Archive for the ‘Collapse’ Category

The Anthropocene

May 15, 2019

Very disturbing video from Ian Angus :

A couple of important videos

May 14, 2019

The first is an interview with Guy McPherson, who writes Nature Bats Last blog. In it he mentions ‘global dimming’. I’d seen it referred to but wasn’t really up to speed on it. It’s what happens when particulates from the burning of fossil fuels (which is actually pollution) collect in the atmosphere and reflect incoming sunlight back into space, providing a cooling effect to oppose the heating effect from CO2 in the atmosphere, also caused by the burning of fossil fuels. It’s a catch 22 situation—one cools, one heats. If we stop burning fossil fuels we lose the dimming/cooling effect and the earth cops the full brunt of the warming caused by CO2. If we continue burning fossil fuels, we add more CO2 and we get more warming.

Here’s Guy :

https://archive.org/details/PBCInConversation042GuyMcPherson

The second is a documentary on global dimming itself :

https://topdocumentaryfilms.com/global-dimming/

A Surfeit of Tims

April 8, 2019

There are three bloggers called ‘Tim’ writing on the energy scene whose blogs I read regularly (and often get confused) —Tim Watkins, Tim Morgan and Tim Garrett.

Tim Watkins is a UK blogger and writes The Consciousness of Sheep. A huge variety of posts come under the headings, Economy, Energy, Environment and Society. He also has a book with the same title as the blog, which condenses writings on all the concepts into one place. The blog actually started as an offshoot from the book. Read his ‘about’ page for a bio. He says his aim is to provide…….”a running commentary on the slow motion train wreck that is Western civilisation in general and its British variant in particular.” If you want to understand Brexit or the ins and outs of fracking, he’s the one. I know I’ll be in for an interesting and informative read when I see his name in my blog feed reader.

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Tim Morgan, also from the UK, writes Surplus Energy Economics with the by-line, How the economy REALLY works. He says: “Although this blog will cover a wide range of topics, my main interest is in a radically new way of thinking about economics. This is explained in my 2013 book Life After Growth.”  I’m currently reading it (for the second time).

The ‘radically new way’ of thinking about economics is to see the economy as basically an energy system and not a monetary one. Everything we do, use, consume and buy is provided by energy, mostly fossil fuel energy (about 80% of the total energy mix). Tim says: “Money is the language used in the discussion of economics, but the real economy is not a monetary system at all. The economy is a function of energy, a term which needs to be defined to include human labour and nutrition as well as external inputs such as oil, natural gas and coal. The sophisticated societies of today are a function of enormous inputs of energy.”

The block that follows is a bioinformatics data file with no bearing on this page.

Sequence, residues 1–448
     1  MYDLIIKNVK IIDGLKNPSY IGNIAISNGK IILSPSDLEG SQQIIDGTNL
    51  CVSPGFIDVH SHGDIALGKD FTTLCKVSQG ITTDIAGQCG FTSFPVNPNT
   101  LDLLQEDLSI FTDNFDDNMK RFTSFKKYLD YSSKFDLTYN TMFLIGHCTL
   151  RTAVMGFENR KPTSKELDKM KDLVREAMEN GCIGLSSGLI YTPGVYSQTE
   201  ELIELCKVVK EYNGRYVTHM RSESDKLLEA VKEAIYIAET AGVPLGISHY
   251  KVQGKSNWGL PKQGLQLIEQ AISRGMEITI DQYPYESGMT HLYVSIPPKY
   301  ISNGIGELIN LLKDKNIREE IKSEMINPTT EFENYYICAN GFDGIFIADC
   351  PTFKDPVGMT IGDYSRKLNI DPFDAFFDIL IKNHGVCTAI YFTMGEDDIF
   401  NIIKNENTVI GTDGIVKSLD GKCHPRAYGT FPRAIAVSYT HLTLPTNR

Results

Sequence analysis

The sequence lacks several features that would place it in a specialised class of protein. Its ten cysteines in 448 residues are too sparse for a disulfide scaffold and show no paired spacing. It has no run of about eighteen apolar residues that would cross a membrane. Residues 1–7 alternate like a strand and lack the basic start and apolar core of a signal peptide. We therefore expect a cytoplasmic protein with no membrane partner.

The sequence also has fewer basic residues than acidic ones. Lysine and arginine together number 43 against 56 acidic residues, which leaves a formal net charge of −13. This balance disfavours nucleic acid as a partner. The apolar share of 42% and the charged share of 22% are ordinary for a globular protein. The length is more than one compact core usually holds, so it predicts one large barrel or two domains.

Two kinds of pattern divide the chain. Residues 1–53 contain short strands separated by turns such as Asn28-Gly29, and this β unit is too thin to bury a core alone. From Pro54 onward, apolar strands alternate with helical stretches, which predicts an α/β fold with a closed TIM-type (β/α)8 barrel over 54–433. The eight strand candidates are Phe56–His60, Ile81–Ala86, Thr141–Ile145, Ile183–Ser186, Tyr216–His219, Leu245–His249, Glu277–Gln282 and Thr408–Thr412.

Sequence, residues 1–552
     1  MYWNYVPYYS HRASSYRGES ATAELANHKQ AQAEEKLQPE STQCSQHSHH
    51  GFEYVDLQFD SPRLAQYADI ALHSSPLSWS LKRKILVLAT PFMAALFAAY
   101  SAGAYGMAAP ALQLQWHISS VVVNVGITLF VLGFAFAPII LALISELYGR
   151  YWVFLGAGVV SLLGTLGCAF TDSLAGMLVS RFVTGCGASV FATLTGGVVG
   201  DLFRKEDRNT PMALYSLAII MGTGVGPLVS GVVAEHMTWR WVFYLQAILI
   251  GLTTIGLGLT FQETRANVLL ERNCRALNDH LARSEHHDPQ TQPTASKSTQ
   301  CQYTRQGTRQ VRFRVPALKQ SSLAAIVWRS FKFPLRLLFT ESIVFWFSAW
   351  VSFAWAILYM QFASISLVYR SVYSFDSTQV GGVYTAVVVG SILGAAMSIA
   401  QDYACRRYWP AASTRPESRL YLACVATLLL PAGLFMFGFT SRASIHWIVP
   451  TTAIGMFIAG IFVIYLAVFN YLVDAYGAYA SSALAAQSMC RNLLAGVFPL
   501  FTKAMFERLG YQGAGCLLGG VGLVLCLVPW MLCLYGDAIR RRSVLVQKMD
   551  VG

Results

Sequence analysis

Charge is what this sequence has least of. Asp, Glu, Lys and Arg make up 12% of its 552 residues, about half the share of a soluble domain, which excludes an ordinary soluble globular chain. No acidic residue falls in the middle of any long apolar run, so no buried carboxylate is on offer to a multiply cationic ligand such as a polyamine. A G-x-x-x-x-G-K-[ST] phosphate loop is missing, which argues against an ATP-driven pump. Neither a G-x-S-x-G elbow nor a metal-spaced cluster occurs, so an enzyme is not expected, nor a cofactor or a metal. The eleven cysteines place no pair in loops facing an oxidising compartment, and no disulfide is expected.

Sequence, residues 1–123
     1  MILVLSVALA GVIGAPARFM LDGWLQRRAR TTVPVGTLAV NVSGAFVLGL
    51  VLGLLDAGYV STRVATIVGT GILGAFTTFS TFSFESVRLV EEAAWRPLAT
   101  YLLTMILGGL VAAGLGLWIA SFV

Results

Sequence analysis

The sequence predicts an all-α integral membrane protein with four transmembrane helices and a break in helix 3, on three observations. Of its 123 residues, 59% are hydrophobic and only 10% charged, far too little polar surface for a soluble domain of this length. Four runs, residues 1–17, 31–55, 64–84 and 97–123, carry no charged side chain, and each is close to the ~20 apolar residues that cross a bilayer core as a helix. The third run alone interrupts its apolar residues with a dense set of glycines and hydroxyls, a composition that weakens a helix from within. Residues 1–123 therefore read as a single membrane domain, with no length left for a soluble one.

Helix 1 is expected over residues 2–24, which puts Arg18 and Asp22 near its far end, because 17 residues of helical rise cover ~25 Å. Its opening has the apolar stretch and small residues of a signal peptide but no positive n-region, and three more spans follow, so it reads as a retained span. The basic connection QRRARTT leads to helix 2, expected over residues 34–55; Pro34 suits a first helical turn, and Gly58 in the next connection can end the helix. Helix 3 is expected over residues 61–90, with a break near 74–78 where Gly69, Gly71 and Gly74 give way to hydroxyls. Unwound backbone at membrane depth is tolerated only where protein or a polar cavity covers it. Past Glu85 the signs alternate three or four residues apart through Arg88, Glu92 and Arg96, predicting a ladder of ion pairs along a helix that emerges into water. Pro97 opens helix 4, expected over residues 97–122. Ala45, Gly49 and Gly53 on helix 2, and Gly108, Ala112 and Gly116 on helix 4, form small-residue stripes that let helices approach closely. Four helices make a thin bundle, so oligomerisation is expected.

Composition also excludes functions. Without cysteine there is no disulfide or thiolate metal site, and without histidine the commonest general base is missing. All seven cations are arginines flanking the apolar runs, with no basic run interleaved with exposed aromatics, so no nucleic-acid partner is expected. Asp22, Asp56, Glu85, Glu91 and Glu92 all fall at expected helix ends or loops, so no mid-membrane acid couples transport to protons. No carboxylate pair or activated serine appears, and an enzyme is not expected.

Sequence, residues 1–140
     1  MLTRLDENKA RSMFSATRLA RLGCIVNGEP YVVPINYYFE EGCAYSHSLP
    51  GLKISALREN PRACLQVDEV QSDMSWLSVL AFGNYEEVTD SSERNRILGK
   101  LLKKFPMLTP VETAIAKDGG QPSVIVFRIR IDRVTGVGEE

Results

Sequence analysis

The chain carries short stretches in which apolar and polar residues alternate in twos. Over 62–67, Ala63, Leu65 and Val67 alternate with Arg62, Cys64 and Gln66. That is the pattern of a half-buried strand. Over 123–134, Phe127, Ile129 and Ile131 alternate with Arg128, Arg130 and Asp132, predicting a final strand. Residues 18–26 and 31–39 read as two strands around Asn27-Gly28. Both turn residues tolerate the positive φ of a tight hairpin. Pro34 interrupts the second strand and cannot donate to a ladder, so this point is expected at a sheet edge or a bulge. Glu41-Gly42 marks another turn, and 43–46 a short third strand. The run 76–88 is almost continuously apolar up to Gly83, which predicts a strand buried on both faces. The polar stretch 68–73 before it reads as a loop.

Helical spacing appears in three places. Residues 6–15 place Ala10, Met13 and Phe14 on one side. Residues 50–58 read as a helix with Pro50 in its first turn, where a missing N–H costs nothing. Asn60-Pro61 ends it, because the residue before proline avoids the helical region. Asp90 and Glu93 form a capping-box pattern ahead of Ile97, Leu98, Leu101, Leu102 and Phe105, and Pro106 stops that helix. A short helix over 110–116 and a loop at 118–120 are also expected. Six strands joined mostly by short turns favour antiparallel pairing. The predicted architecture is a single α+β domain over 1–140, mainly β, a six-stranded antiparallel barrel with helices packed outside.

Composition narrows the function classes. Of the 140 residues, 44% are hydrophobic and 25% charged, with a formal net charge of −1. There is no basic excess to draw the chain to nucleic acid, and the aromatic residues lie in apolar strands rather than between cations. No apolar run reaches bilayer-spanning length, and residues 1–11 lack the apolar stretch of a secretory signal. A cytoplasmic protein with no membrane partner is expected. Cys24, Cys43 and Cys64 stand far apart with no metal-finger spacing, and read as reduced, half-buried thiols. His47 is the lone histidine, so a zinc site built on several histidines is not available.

The most important thing to understand is that, “whenever energy is accessed, some energy is consumed in the extraction process and it is surplus energy—that is, the difference between these amounts—that determines economic output.” Hence the blog’s name—surplus energy economics. Anyone familiar with the concept of EROEI—energy returned on energy invested—will see where this is going.

There’s plenty of information on how the financial system works—something that’s always been a mystery to me.

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Tim Garrett is physicist studying atmospheric science. His blog is called Nephologue—Exploring the interplay of thermodynamics, economics, and climate. He also has a home page with links to his papers here. I found lots of interesting information in the links. Tim has discovered a theory that explains and quantifies the relationship between wealth and energy consumption. The Wikipedia page explaining that is here.  I must admit that I’ve ignored the maths (not my thing) and just focused on the descriptions, such as: “Civilization is an open thermodynamic system. It uses external sources of primary energy and raw materials and dissipates waste heat and materials.” There are thus implications for sustainability and climate change. The Wikipedia page is a bit on the technical side for me, so I prefer his writings in the blog and home page.

Preparing for collapse

March 30, 2019

One of my favourite bloggers on the collapse scene is Irv Mills from Ontario, Canada. Irv is currently writing a series of posts with advice on preparing for the collapse of industrial civilisation.

The blog is called The Easiest Person to Fool.

I can’t remember how I found Irv’s blog; I suppose I just followed a link, as you do. When I find a new blog I always read the ‘about me’ section first. I want to know who this person is, their backgound and qualifications, if any, and their reasons for writing. When I read what Irv had written about himself and his beliefs, I could have been reading about myself. I knew I was going to like this blog.

So far he’s up to part 8 in the series on preparing for collapse. The full list of posts is below. There’s some very good advice there. I’ll add a link to new pages as they appear. He also does a regular post on what he’s been reading each month and there are often some interesting links there, too.